Static site generators

We cannot talk about JAMstack without mentioning static site generators. These tools can be executed as part of a build system to convert content, data, and templates into files that will later be deployed to a hosting environment as a ready-to-serve website.

The key distinction between a static site generator and a traditional web application stack lies in the process of generating views. Unlike traditional stacks that generate views on demand when a page is requested, a static site generator pre-generates views in advance. This means that the view is already prepared and ready to be served ahead of time. Furthermore, this pre-generation occurs for every possible view of a site during the build phase.

This approach has several important implications, with the most significant being the shift of workload from "request time" (when users request a view) to "build time", which is independent of user requests. This "decoupled" architecture severs the relationship between the number of site visits and the overhead of generating views to serve those visits.


Headless CMS

A headless CMS, also known as headless software or a headless system, is a type of back-end content management system where the content repository, referred to as the "body," is separated or decoupled from the presentation layer, known as the "head."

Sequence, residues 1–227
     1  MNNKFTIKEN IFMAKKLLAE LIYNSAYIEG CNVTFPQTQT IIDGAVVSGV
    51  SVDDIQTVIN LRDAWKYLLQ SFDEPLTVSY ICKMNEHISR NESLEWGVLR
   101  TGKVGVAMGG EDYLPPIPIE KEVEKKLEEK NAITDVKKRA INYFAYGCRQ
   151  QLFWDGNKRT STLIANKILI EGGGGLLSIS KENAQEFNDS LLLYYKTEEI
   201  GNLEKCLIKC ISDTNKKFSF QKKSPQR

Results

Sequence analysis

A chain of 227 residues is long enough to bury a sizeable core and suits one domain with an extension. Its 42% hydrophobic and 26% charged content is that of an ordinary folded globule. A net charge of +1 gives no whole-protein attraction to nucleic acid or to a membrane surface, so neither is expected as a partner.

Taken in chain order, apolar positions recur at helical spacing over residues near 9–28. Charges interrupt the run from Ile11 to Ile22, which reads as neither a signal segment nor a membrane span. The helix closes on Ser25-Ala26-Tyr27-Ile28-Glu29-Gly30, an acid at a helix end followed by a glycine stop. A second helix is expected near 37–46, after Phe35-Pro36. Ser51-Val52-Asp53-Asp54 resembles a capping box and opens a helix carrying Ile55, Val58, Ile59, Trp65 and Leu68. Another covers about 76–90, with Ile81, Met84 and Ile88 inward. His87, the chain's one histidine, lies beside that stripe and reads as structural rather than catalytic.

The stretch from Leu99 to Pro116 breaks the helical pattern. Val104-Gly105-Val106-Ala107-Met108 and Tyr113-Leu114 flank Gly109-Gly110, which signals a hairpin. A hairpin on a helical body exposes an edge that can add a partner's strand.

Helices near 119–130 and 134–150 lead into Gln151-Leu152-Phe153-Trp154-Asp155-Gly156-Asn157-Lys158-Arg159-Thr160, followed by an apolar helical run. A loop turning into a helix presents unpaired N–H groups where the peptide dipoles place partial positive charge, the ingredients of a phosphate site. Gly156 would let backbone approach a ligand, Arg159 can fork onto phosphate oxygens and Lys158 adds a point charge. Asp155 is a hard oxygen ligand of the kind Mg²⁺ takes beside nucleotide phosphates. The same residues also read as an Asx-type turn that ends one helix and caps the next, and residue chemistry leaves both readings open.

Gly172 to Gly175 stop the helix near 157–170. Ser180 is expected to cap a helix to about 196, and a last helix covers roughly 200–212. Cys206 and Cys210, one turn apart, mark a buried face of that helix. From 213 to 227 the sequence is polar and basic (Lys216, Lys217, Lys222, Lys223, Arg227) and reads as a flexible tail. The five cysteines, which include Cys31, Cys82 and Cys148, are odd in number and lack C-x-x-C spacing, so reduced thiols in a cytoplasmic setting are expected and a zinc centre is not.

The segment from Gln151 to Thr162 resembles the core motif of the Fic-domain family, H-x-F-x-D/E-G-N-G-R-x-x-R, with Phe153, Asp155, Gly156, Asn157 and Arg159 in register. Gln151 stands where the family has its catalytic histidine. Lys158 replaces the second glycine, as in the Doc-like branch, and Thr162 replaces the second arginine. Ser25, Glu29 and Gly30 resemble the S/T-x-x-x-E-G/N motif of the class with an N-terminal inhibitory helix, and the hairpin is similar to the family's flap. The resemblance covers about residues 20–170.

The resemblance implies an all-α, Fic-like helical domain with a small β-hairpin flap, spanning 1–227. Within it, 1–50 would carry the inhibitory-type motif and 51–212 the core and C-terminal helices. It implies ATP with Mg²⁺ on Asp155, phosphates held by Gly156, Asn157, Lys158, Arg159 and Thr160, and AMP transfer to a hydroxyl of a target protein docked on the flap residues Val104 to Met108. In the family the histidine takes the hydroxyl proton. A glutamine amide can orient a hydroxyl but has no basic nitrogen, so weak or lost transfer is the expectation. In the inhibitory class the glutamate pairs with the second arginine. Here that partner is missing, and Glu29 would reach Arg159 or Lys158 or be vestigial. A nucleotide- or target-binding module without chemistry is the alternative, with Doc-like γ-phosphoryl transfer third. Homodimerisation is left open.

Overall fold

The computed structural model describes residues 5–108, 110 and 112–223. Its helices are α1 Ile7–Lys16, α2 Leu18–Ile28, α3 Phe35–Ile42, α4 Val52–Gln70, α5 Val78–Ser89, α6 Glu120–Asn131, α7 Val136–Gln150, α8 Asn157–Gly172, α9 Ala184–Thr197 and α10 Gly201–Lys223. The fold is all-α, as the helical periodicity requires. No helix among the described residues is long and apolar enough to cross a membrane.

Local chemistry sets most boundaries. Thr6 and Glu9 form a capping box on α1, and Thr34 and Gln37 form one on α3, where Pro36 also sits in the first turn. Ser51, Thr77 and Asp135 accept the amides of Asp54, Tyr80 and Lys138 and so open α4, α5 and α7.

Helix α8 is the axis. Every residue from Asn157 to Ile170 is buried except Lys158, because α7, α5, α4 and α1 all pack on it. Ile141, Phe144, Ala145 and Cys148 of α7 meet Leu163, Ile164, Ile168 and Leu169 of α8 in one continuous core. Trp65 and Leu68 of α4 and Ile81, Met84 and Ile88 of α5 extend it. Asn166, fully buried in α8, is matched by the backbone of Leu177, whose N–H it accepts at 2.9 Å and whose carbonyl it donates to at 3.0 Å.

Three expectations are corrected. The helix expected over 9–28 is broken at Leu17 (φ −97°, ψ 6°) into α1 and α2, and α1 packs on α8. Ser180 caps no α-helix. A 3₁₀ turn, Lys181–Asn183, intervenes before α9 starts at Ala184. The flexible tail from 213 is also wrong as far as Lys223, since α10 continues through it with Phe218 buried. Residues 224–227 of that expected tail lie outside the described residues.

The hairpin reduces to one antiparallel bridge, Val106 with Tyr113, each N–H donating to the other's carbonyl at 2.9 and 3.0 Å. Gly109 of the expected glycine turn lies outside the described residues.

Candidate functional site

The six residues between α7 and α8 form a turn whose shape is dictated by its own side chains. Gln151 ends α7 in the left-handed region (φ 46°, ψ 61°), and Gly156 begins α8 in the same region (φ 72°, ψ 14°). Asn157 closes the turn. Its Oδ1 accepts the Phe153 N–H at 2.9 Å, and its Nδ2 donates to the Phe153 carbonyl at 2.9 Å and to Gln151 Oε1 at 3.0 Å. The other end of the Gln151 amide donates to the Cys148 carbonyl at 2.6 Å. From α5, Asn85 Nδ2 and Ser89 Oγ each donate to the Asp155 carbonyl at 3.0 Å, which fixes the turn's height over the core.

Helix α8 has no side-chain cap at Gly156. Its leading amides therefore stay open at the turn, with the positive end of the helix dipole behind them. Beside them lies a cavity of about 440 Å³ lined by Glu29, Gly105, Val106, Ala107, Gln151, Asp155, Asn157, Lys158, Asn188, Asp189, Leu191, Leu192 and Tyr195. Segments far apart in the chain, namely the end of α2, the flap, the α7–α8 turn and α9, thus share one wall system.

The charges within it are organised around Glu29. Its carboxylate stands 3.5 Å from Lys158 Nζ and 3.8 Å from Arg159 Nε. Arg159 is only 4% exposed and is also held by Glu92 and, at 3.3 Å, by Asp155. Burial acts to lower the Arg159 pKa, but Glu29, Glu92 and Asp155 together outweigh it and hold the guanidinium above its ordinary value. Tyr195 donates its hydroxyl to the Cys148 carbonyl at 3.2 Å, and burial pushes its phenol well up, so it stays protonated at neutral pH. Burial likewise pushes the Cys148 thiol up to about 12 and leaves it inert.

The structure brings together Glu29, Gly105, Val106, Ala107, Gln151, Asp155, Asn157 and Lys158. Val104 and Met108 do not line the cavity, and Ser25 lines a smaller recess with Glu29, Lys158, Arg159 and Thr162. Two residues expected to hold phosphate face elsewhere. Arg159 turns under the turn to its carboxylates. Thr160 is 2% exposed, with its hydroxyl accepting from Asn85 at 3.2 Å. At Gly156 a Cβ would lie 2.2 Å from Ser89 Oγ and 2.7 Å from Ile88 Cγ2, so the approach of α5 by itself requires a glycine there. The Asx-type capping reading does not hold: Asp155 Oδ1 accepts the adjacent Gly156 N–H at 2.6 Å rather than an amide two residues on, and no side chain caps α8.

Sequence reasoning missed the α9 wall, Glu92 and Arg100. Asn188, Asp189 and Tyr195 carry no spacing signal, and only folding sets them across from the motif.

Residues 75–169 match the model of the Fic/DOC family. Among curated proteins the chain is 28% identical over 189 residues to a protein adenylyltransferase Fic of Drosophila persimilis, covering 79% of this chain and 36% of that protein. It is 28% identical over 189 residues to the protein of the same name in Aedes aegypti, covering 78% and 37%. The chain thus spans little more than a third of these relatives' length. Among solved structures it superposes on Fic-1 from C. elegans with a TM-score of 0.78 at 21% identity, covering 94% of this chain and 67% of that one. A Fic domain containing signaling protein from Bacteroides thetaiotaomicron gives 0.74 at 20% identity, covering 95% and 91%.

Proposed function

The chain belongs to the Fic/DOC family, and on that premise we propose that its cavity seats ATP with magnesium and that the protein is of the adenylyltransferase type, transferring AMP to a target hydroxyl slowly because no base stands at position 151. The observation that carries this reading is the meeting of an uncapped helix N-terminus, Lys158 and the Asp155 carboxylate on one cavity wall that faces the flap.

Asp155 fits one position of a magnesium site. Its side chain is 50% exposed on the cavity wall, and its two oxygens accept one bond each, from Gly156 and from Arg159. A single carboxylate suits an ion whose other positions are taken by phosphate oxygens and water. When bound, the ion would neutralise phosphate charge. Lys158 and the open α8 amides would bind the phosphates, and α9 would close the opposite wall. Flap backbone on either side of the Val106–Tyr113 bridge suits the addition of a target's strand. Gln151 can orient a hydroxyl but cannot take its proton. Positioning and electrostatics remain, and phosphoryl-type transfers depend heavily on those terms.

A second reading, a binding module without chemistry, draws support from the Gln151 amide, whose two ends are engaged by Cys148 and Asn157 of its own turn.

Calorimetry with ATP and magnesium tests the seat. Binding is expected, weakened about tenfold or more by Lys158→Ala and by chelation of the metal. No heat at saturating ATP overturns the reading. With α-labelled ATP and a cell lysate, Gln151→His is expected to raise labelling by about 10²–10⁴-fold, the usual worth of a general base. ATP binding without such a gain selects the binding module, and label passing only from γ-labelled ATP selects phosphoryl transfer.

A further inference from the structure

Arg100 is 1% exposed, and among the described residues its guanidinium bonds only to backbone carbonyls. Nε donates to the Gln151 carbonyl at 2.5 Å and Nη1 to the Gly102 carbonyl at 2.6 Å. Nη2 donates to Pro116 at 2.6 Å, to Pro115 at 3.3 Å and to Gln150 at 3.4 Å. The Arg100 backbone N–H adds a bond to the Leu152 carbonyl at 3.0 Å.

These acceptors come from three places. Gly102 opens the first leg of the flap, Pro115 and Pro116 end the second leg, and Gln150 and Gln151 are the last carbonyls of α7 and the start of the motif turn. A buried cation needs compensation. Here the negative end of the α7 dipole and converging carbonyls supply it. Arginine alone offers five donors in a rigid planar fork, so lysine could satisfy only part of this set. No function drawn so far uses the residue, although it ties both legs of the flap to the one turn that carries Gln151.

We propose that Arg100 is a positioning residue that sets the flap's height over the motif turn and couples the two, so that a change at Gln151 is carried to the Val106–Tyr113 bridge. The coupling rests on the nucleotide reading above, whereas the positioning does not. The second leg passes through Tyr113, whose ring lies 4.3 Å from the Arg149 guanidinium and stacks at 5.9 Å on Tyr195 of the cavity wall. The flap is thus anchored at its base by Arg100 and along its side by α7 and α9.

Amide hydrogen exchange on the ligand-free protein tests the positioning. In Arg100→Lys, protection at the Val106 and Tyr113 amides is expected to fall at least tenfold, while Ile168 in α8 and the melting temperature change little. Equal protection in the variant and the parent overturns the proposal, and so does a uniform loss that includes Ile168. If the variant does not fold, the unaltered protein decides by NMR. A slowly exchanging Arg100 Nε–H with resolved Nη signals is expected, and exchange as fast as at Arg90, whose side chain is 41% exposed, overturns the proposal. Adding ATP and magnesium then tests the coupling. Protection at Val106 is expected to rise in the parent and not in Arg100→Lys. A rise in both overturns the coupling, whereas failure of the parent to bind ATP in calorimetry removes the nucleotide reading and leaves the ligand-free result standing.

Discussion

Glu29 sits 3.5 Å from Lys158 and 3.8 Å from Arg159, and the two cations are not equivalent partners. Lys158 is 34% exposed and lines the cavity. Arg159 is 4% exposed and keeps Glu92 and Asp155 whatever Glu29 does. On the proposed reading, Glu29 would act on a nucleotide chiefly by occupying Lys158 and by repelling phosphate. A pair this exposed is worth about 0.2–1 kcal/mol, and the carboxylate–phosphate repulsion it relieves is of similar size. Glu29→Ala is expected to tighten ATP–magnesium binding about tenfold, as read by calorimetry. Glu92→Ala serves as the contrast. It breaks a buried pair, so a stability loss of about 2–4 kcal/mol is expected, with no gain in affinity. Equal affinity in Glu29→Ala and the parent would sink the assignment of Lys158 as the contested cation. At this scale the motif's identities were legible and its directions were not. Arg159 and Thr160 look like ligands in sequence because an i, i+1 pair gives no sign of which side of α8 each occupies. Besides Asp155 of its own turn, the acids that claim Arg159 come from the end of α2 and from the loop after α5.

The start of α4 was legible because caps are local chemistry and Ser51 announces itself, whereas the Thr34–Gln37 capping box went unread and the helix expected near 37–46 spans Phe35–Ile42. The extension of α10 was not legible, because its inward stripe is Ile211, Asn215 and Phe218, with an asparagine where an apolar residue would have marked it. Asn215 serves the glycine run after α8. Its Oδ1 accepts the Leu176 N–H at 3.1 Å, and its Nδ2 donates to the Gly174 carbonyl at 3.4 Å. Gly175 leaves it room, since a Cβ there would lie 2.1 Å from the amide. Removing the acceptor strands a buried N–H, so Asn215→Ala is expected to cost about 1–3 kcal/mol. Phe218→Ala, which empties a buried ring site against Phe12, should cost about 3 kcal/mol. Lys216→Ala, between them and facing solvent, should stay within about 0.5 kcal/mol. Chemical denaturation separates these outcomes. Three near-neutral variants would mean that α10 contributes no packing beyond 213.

These types of content management systems usually hold the entire data layer, which can be exposed to a static site generator via JavaScript or any other device or service, such as games, IoT, smart devices, etc. Most of the time, headless CMSes are hosted and delivered from the cloud.

One of the most important features of headless CMSes is their limitless scalability, allowing them to support any number of connected devices. This makes content in a headless CMS endlessly reusable, regardless of the omnichannel customer experience you are aiming for today or the channels that may emerge in the future. This is different from WordPress and other monolithic CMSes that tightly couple the frontend with the backend, limiting how content can be displayed.

Exchanging data with a headless CMS is straightforward as they expose a REST API that is easy to consume and manage using visual tools.

Think of headless architecture and APIs like this: the main role of a headless CMS is to store and manage your content, while APIs act as the connection points enabling communication between backend systems (e.g., headless CMS) and frontend systems (e.g., website) in the specific ways desired by a digital team.

Some of the most widely used headless CMSes include:


Websites built with JAMstack architecture need to be hosted somewhere to be accessible to the public. The number of companies offering hosting and static site generator tools has also increased lately, providing a plethora of tools and services that facilitate the developer's work.

The most important actors in hosting JAMstack projects are: